Tonga's road to redemption
FROM sinner to saint, the redemption of Charles Tonga has been a long and winding road.
After a wayward youth and a stint in jail on an assault charge, Tonga rose to become an NRL player and now coach of the Tongan national side.
His star-studded Tonga outfit will take on Samoa today in Penrith in a Test match and the 35-year-old will then step up preparations for this year's World Cup.
Tonga's story is one that reveals what sport can do for an individual.
But Tonga, who lives in Springfield, is the first to say that he didn't do it on his own.
It was in Woodford Prison as a young man in 2000 that Tonga met former Australian rugby league hooker and pastor Noel Gallagher. The meeting changed Tonga's life.
"I have been through a lot in my life. It has been a tough journey," Tonga says.
"But I have come through the other side. I was in jail when big Noel came to see me. I wasn't into God and I was way off track at that time.
"But Noel came to visit every day and spoke to me about life and helped me in my journey. He helped me to reflect on life so I could know myself and find out who I am really am … to find my identity.
"Back then I was pretty much a lost soul. I was all over the shop and had a big chip on my shoulder but that is all in the past now."
Tonga, now a gentle giant, says youthful pride was the problem in his early 20s and when he came out of jail he thought his career as a footballer was finished.
A stint in park footy with Browns Plains followed before his meteoric rise from Easts Tigers to the NRL with the Bulldogs in 2005.
Two seasons with the Roosters followed, but re-discovering his roots and helping others became a large part of his life.
He became involved in the Christian ministry with the Break Free church community and set up an employment business that helped young labourers find work. Appropriately, it was called Tough Yards.
But it was his commitment to helping young Tongan footballers that became a mission.
Out of his own pocket, Tonga visited his homeland and worked with the Board of Education in schools.
His clinics helped rebuild rugby league in Tonga from the ground up.
"I brought over balls, markers and basic stuff to do the clinics and you could see the hunger of the young kids," he says.
"They are so appreciative. To tell you the truth, they often play with a coconut or a shell and pass that around."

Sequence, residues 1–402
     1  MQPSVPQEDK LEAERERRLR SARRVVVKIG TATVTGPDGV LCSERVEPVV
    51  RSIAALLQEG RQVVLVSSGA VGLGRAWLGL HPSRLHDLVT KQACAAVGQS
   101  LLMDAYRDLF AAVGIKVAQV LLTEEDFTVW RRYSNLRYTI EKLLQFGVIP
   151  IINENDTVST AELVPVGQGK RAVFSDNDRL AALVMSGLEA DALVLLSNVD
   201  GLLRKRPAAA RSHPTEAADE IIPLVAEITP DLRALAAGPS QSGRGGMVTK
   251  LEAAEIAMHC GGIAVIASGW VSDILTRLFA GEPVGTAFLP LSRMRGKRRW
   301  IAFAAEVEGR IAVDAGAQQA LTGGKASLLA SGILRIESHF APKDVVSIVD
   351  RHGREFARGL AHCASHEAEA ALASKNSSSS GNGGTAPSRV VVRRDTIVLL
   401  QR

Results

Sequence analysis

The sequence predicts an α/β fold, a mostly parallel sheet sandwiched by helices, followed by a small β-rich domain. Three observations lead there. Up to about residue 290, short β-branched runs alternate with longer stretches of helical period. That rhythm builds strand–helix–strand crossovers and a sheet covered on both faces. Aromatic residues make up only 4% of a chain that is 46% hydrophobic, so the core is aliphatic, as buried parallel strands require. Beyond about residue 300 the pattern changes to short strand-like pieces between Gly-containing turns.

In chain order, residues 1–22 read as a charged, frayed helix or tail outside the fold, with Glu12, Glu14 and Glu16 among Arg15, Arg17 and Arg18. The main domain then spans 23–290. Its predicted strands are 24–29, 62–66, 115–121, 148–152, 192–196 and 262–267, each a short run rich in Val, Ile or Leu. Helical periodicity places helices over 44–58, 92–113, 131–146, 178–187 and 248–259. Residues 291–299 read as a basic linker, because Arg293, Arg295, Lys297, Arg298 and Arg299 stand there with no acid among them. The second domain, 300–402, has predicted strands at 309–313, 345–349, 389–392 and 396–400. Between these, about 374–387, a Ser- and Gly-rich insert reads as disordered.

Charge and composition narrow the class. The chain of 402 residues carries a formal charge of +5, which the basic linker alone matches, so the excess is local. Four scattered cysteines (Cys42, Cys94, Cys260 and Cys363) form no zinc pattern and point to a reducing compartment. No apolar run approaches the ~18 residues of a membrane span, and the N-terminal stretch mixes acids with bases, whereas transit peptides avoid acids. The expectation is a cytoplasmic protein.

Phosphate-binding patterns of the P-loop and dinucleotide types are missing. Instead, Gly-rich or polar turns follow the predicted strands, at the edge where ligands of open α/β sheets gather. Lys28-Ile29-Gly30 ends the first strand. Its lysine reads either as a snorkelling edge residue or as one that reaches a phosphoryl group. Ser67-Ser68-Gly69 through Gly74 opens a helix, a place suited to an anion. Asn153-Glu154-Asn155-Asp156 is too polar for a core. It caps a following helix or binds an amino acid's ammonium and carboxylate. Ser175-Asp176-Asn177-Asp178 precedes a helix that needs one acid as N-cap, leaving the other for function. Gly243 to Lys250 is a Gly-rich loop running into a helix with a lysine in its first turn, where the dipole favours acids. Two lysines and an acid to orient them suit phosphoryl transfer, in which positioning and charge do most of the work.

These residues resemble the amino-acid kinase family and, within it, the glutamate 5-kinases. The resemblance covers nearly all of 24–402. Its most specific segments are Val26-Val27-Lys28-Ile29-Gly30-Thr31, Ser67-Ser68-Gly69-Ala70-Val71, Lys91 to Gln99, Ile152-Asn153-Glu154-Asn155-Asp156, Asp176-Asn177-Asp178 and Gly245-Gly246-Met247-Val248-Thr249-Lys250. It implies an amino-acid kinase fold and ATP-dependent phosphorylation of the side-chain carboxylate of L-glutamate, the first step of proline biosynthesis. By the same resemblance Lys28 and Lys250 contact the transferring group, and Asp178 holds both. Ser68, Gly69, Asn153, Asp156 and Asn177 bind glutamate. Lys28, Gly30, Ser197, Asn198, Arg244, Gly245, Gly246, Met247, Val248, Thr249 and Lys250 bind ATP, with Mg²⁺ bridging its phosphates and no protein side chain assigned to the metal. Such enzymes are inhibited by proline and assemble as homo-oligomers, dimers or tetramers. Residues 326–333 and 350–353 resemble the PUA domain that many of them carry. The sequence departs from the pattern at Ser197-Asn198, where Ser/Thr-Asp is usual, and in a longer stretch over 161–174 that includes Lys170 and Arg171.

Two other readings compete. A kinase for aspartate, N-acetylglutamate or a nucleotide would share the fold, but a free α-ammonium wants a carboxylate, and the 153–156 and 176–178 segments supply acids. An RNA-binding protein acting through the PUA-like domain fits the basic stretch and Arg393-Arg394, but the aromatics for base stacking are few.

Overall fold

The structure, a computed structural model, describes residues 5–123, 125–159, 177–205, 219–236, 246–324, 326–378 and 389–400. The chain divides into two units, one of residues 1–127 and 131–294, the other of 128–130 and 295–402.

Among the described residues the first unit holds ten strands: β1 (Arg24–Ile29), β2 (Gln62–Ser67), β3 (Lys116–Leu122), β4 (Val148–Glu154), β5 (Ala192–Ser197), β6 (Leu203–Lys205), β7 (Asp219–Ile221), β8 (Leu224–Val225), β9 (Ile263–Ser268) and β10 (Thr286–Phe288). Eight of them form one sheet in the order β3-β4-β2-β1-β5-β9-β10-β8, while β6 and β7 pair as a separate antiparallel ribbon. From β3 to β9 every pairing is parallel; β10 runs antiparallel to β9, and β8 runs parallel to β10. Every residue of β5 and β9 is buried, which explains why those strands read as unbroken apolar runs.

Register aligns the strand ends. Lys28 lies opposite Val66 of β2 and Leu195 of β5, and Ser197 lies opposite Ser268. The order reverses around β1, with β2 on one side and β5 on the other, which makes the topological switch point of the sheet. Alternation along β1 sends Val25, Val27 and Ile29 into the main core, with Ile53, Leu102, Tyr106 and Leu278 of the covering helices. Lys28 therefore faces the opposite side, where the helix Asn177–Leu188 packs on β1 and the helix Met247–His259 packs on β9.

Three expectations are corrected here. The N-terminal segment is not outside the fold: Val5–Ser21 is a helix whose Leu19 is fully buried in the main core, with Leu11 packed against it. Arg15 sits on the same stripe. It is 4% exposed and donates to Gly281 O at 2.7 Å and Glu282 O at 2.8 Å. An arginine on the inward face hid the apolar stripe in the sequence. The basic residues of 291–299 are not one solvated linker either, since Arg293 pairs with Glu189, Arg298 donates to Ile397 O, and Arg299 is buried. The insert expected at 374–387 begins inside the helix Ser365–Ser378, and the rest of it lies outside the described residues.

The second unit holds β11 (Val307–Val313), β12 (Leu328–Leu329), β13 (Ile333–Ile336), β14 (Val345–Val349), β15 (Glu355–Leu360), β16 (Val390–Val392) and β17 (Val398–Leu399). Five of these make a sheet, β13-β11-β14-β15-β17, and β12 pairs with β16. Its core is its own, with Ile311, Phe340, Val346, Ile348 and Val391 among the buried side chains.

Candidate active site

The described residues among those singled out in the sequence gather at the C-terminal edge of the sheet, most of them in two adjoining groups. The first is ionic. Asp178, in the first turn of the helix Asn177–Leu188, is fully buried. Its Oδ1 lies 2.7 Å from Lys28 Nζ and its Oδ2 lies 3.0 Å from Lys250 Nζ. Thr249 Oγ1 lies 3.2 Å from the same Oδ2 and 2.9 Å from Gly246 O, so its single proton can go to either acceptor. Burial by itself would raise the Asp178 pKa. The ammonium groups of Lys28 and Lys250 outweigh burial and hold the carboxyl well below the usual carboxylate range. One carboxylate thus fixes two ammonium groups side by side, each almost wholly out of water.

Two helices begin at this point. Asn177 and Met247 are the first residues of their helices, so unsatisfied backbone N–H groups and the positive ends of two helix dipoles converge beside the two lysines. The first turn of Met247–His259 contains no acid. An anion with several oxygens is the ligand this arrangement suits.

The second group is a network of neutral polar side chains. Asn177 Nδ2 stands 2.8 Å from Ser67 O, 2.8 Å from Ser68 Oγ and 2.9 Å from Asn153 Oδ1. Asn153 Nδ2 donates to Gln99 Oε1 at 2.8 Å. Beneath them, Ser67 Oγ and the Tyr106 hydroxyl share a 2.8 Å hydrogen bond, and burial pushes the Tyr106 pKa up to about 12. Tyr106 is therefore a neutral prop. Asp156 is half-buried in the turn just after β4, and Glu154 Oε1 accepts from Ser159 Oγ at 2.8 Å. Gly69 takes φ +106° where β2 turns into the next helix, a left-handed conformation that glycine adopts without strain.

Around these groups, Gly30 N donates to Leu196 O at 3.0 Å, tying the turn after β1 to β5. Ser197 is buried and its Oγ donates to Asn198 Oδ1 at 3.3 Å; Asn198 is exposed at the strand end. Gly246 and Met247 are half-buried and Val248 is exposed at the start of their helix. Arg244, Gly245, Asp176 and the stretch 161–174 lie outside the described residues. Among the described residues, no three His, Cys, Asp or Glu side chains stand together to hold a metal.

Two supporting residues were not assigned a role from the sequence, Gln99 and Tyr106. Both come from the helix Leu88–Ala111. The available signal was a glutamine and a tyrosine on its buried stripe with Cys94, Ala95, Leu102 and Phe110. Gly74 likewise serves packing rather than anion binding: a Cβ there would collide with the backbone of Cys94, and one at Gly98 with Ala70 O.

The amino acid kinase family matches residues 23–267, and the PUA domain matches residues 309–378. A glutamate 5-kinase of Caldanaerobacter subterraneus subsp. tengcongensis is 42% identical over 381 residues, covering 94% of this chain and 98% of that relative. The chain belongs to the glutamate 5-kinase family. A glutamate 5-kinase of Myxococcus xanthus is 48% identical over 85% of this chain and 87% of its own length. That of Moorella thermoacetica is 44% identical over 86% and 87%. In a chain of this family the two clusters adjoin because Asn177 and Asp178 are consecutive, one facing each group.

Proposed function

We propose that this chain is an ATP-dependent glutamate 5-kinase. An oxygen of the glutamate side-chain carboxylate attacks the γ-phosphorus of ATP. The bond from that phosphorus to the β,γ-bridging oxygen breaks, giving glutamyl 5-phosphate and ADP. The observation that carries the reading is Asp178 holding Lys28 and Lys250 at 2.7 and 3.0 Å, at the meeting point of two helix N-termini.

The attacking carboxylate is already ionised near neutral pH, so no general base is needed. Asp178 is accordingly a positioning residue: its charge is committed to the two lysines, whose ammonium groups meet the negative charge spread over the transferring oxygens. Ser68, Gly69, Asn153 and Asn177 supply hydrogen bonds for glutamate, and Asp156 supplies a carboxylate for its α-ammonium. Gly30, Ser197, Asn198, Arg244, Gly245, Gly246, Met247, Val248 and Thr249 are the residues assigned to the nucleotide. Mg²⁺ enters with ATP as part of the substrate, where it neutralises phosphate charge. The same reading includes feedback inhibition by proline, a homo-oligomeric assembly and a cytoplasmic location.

Tonga won an Ipswich Rugby League title with Swifts in 2011, a year after being named Tonga coach.
"When I was appointed as national coach of Tonga, part of the job was helping bring the young kids through and helping get the infrastructure right for the grass roots," he says.
"Then I had to eventually let playing football go so I can focus on the national side and prepare for the World Cup.
"Our side is very well balanced and there are a lot of talented players out there who are very unlucky not to get picked to play Samoa as well."
Tonga has dreamed for years of having a Tongan side chock full of players with NRL experience. Now he has his wish.
The Tongan side will be captained by Manly legend Brent Kite who has won two premierships in a 267-game NRL career, and has represented NSW and Australia.
"Brent last represented Tonga in 2000, so for guys like that to come back and lead this young side around is pretty amazing," Tonga says.
"We've also got guys like Sika Manu and Anthony Tupou who have returned. They have played internationals for New Zealand and Australia but they want to give something back.
"The whole theme behind this is giving back something to our people to encourage and motivate them.
"There is a real problem with our young kids getting into trouble, so part of my vision was to bring these guys in as role models. Going to a World Cup can really inspire a nation.
"We have come a long way since I was just working with the grass roots. Some of the kids I helped have gone to Japan for rugby union and some are playing seven-a-side for Tonga.
"The big thing for me is to see these young kids go and do something with the talent that they have.
"I want them to not forget where they come from. So when they finish, I'd like to see them come back and help find the next Israel Folau coming through or the next Fuifui Moimoi."
Tonga has noticed an explosion of interest in the national team after the side was named last week.
"When they named our team the other day, our Facebook likes were going crazy," he says.
"Now we've got nearly 2000 followers when there were only 400 a few months ago. People are getting really interested in this Test match and the World Cup.
"It is not just us. Teams like Fiji, Samoa and PNG have some great players in their teams. Everyone is a chance.
"For Australia and New Zealand to allow these guys to come back and play for us is a massive boost to our game and for our people."
Tonga has been drawn to play with Scotland and Italy in the World Cup in England later this year, and will also play an inter-group match against Cook Islands.
For Tonga, it will be a fitting reward to coach the side after putting his homeland first for so long. He could have played Super League in 2008 and furthered his career, but his change of tack has brought rewards for him and his people.
"I had an offer to play with Hull in England, but I came back to Brisbane to be close to my daughter Tenesha. It was very hard being away from her in Sydney for those three years in the NRL," Tonga says.
"In 2007 I went back to Tonga for the first time since I was a boy. I loved it that much that when I came back to Australia I was only home for two weeks and I was on a plane and back to Tonga again.
"It was just overwhelming to go back to my home village of Afa after all those years. I had to go back a second time because my heart is really with my people.
"Living here we take a lot of things for granted, but when I am in Tonga I really appreciate things."